Good plays stand the test of time: that’s why we get a Glass Menagerie and a Death of a Salesman every five years. The mediocre ones tend to get forgotten by history, but there’s always going to be one fan who cares passionately enough to try keep them alive. That’s actor Matt de Rogatis, who’s now on his third tour of duty in James McLure’s 1978 one-act dramedy Lone Star.
You can tell from his performance that he just loves what McLure’s words offer him, but how much affection will be felt for them across the footlights I’m not so sure. I found Lone Star to be a deeply unserious play, and Joe Rosario’s new production of it (for his and de Rogatis’s company Ruth Stage) at Theater Row is too lugubrious and padded to hold our attention.
Lone Star follows one night in the life of Roy (de Rogatis), a Texas good ol’ boy who returned from Vietnam two years earlier and is still feeling the effects of his psychological scars. Roy spends his nights getting drunk in the backyard of the local bar with his soft brother, Ray (Dan Amboyer), reliving his glory days instead of facing his current demons, and verbally sparring with local appliance salesman Cletis (Ryan McCartan, strangely effete). The only things that give Roy joy are his beer of choice (Lone Star, of course), his wife Elizabeth (Ana Isabelle), and his 1959 Pink Thunderbird, which he does not yet know that Cletis destroyed in a fiery car wreck of jealousy.
Time hasn’t been kind to Lone Star, which depicts toxic hypermasculinity, unbridled bigotry, and veiled homophobia with a sort of commonplace shrug. Maybe it was more reflective of the world when it briefly ran on Broadway in 1979, but today it’s just a relic, hopelessly passé and just plain silly.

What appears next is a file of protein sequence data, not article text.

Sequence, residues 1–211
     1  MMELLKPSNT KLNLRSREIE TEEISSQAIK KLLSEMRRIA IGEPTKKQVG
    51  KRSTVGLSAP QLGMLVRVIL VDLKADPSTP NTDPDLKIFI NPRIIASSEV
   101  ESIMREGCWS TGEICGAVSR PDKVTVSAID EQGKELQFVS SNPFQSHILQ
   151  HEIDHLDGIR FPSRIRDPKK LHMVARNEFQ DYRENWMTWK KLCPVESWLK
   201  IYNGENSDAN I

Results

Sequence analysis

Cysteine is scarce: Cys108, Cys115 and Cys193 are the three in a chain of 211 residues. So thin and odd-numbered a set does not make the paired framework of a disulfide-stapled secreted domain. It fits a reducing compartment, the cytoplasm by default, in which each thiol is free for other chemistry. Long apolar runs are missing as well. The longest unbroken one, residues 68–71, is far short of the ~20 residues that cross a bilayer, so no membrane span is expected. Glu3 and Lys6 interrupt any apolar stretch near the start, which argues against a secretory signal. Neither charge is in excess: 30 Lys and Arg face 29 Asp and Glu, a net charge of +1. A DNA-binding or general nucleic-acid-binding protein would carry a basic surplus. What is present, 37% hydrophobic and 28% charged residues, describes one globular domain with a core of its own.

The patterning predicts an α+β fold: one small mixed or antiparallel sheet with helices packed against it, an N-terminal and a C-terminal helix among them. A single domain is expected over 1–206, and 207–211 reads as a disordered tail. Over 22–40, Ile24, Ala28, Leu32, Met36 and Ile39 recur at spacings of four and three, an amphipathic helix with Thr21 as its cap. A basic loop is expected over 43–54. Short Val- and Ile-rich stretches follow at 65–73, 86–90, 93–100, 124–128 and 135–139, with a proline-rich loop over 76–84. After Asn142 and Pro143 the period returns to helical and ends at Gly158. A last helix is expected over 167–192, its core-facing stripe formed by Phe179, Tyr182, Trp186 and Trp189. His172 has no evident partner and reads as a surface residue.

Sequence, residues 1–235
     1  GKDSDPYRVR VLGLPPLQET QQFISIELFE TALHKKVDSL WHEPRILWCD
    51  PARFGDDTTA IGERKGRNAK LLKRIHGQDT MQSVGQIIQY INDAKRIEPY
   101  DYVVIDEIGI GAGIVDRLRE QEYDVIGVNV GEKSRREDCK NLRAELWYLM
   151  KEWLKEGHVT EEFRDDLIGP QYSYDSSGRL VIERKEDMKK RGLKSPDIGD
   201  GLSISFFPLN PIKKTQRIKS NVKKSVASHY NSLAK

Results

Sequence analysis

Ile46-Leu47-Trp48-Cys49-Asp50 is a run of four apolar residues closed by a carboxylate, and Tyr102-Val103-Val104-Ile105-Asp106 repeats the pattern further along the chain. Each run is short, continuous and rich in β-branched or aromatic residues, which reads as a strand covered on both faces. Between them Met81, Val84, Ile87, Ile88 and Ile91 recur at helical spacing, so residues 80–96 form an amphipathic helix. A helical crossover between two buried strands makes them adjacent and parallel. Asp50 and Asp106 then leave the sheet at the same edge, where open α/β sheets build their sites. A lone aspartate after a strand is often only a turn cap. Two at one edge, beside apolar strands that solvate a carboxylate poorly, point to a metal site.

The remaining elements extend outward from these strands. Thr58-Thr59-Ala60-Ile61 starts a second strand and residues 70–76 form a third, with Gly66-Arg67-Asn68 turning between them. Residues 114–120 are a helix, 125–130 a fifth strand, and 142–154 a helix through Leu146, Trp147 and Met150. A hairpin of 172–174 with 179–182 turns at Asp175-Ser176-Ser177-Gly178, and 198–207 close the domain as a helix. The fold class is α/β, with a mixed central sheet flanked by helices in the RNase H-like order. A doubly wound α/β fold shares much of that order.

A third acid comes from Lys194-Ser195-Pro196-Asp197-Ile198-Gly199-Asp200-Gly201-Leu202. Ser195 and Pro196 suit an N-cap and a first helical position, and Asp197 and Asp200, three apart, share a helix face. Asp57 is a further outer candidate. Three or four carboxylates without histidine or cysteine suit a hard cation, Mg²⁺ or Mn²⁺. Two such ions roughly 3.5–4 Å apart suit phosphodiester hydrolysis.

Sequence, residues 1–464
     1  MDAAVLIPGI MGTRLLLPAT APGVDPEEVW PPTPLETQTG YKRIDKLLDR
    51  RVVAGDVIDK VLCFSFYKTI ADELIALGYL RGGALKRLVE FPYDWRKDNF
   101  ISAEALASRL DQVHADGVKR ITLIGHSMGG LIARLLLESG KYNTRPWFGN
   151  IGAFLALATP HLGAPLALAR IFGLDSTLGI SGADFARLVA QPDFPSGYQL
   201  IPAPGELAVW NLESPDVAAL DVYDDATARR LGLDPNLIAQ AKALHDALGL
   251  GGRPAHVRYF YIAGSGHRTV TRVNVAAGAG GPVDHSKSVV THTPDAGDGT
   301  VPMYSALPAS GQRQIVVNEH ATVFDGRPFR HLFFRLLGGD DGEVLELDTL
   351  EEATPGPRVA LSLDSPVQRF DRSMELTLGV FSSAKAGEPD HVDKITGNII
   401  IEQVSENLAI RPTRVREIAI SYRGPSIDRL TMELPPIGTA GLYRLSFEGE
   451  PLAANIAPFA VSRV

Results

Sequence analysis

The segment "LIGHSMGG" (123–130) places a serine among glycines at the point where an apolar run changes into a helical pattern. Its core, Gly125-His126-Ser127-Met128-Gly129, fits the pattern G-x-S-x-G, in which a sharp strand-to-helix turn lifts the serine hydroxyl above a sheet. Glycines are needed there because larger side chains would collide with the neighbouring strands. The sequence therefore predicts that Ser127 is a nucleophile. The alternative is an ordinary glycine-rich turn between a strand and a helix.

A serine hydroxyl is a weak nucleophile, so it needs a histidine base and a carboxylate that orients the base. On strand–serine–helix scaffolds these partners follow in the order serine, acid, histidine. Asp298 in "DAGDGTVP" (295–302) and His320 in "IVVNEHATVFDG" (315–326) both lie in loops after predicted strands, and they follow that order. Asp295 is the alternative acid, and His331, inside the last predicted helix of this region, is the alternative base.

For this production, Ruth Stage (presumably de Rogatis himself) has created a new version of the hourlong Lone Star, which incorporates dialogue and plot elements from McLure’s companion play, Laundry and Bourbon. This gives us Elizabeth’s perspective on her relationship with Roy, presented at the top of the show as a 20-minute monologue interspersed with snatches of the Linda Ronstadt hit “Long, Long Time.” Does this add much to Lone Star itself? Feminine energy from Isabelle (whose performance is sweet, if nondescript), and a bit of poignancy, perhaps, but mostly just length. Thematically, The Last of Us used Ronstadt’s ballad of romantic longing with much more skill.
This frying-pan-to-the-head approach to emotional resonance is ever-present in Rosario’s production, which finds an early scenic transition to be the perfect time to explain what feels like the whole of the Vietnam War to the audience in the form of cartoon graphics laid over authentic newsreel footage (Tomás Correa did the projections and Legacy Comix did the illustrations). Maybe this was an interesting idea on paper, but in practice, it’s overblown and tacky. Considering that Matthew Imhoff’s practical and realistic set doesn’t change, it goes on forever, well past the point where I’m willing to be forgiving about my time being wasted.
It also blunts the impact of the two generally good central performances from de Rogatis and Amboyer. You can’t fake chemistry, and these two guys have it, which not only makes their onstage brotherhood believable, but raises the stakes of the whole back half of the script, when Ray confesses sins that could wreck Roy’s life even further. Amboyer brings humor and innocence to Ray’s dimness — we can really feel his guilt and worry in the way he carries himself. De Rogatis could afford to pitch himself down a bit; he’s playing a grand operatic tragedy to a third balcony that doesn’t exist in this 88-seat house. But with the sweat glistening on his brow and his tattooed biceps, he’s giving it his all and then some, and doing it with full-bodied dedication. It’s impossible not to recognize how deeply this particular role lives inside him, for some reason.
Why? I couldn’t tell you. One man’s trash is another man’s treasure, and that’s Lone Star in a nutshell.